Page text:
When Sally Cushman thinks about synthetic grass, she pictures a green —clearly fake — miniature golf course.
That all changed this spring when she was introduced to EcoLawn SB, a local startup that replaces brown, rain-deprived residential and commercial lawns with artificial turf.
Cushman put a sample of the stuff in her backyard, letting her two dogs sniff and play on the turf EcoLawn procures from fellow locals at Aqua-Flo Supply.
The grass looked real and her drought-stricken lawn was in dire need of a makeover.
“I never realized it was as nice looking as this,” Cushman said this month as an EcoLawn crew used nails to hammer custom-cut plastic pieces of All Natural 75 into her grass-free front yard. “These guys have been wonderful. I’m thrilled.”
EcoLawn SB launched last November when co-founders Jessica Girard and Beau Lee Schmidt brainstormed how to inspire change and help conserve water in a fourth year of drought.
Schmidt, a Santa Barbara native, was finishing up some green building projects as a local contractor. His longtime girlfriend, Girard, had just graduated from Antioch University with a liberal arts/business management degree and finished a stint as team leader with the Santa Barbara County Water Guardians.
“It was sort of a perfect storm,” Girard said. “What can we do to make a difference in this town and in this world?”
They stopped for a picnic on a drive up north, laying the spread on surprisingly comfortable synthetic grass. After calling around, they discovered a niche in the industry, since several companies already installing fake turf locally hailed from out of town.
Since then, EcoLawn has installed more than 65 synthetic lawns on the South Coast — equaling more than 50,000 square footage and helping to save more than 1 million gallons of water, according to Girard.
No more mowing, fertilizing or aerating required.
Girard said the turf is pet and kid friendly, with an infill made by ZeoFill that’s 100 percent organic. The infill slowly releases water to cool turf and captures ammonia in urine to help offset smell. How much infill you need depends on the number and size of pets, and people rake or pick up poop like they would from a normal lawn.
“All of these little things are seriously adding up,” Girard said. “They can do their part.”
EcoLawn doesn’t do advertising, mostly because the signs they put up in yards of customers help spread the word.
Cushman said she was especially motivated to install synthetic turf because the cost is covered by city Water Wise rebate programs.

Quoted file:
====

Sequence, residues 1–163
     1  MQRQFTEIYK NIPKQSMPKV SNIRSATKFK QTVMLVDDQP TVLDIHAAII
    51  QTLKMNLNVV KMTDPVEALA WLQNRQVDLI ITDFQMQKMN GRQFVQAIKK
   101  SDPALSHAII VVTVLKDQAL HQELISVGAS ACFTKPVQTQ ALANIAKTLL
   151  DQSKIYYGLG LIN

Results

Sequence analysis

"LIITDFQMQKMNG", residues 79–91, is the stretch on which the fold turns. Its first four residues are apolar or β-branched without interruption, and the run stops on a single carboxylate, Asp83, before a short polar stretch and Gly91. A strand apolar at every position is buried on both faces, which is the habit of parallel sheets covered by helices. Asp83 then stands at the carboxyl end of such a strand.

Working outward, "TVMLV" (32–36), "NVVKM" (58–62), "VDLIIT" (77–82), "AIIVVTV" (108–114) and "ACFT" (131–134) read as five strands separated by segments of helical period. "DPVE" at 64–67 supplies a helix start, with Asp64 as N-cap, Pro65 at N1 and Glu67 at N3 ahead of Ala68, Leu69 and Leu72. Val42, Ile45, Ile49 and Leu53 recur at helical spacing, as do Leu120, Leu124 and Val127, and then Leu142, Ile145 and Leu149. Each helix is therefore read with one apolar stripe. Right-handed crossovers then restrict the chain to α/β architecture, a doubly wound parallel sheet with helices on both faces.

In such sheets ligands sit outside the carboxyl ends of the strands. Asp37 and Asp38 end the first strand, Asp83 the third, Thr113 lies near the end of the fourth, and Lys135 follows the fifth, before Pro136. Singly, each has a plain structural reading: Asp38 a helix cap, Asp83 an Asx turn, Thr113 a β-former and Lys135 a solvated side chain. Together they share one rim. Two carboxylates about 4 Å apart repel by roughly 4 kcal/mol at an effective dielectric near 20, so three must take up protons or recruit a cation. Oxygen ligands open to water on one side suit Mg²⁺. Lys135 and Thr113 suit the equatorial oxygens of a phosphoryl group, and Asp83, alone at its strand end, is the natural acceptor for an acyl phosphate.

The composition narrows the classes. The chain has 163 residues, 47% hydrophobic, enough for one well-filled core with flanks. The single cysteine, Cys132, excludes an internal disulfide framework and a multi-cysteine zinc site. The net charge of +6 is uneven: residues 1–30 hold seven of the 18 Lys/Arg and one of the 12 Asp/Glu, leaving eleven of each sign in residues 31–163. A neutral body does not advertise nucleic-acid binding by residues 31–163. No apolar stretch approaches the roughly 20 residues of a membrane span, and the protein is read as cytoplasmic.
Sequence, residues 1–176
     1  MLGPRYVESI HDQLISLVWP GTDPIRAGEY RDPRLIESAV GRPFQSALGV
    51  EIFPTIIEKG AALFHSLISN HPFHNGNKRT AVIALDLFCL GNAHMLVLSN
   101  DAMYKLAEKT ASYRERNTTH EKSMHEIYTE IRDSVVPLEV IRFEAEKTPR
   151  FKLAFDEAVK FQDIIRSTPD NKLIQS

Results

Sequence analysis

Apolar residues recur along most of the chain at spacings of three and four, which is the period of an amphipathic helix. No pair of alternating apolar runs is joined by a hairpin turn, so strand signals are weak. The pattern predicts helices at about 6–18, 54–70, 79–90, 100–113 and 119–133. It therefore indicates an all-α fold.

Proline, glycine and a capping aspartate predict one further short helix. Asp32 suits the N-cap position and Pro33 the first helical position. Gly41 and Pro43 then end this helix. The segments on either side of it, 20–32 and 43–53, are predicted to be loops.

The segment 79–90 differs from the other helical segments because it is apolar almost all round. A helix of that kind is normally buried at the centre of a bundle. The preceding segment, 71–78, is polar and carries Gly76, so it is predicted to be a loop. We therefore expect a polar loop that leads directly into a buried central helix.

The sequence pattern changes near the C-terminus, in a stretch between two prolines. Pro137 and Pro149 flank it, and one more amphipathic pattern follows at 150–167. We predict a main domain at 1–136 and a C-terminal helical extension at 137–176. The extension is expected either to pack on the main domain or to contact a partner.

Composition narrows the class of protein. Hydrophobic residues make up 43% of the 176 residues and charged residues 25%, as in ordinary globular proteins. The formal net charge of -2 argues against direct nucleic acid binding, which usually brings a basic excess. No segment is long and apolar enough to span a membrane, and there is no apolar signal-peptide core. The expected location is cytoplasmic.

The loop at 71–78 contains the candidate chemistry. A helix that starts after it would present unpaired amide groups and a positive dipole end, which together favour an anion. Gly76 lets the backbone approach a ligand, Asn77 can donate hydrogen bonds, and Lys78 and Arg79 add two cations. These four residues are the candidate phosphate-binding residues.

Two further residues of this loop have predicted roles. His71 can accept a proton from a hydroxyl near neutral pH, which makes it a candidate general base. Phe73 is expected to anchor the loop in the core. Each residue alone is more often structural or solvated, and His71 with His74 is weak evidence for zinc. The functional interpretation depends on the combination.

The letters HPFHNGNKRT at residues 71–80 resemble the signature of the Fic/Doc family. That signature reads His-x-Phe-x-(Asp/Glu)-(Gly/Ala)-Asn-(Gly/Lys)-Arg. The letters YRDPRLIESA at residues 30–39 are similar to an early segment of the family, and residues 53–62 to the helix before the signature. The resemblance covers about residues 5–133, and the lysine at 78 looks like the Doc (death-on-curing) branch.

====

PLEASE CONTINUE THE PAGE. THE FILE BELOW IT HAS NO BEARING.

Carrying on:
The city of Santa Barbara’s rebate program, which started in 2009 to encourage water conservation, expanded its qualifying projects in May 2014 to include synthetic turf as a way to save water during drought, said Madeline Ward, Santa Barbara’s acting water conservation coordinator.
Other water savers include manipulating a sprinkler system, mulching or replacing lawns with drought tolerant plants.
Of the total rebates in the past year, 68, or 19 percent, were for synthetic turf, Ward said, noting the city could decide to remove turf from the list depending on rain received between now and next October, when grant funds run out.
“Synthetic turf could handle more foot traffic,” Ward said. “It really depends on what (residents) are looking for. That’s why we have such a wide variety of options. There’s definitely a portion of the community that wants a fake surface without having to water it.”
Rebates cover 50 percent of the installation cost, up to $1,000. Although EcoLawn does any size of surface, Girard said an average lawn install is 1,000 square feet — at $7-9 per square foot, depending on which of 20 varieties used — and the company’s eight-person team can install 500 square feet per day.
Synthetic grass is becoming more popular, but some challenges remain. The turf heats up in the sun and disposing of your pet’s business can be difficult without proper infill.
Girard said EcoLawn is working to create a recycling program for the turf once it’s past a 20-year life expectancy. They’ve installed lawns as far south as Carpinteria all the way up to Ballard in the Santa Ynez Valley, but Girard said they’re willing to travel further.
She isn’t worried about the drought ending — she welcomes it actually — because EcoLawn is being both reactive and proactive in dealing with the environment. She’s confident folks will be water wise even without a drought, knowing another will come along.
“Traditional grass is a thing of the past,” she said.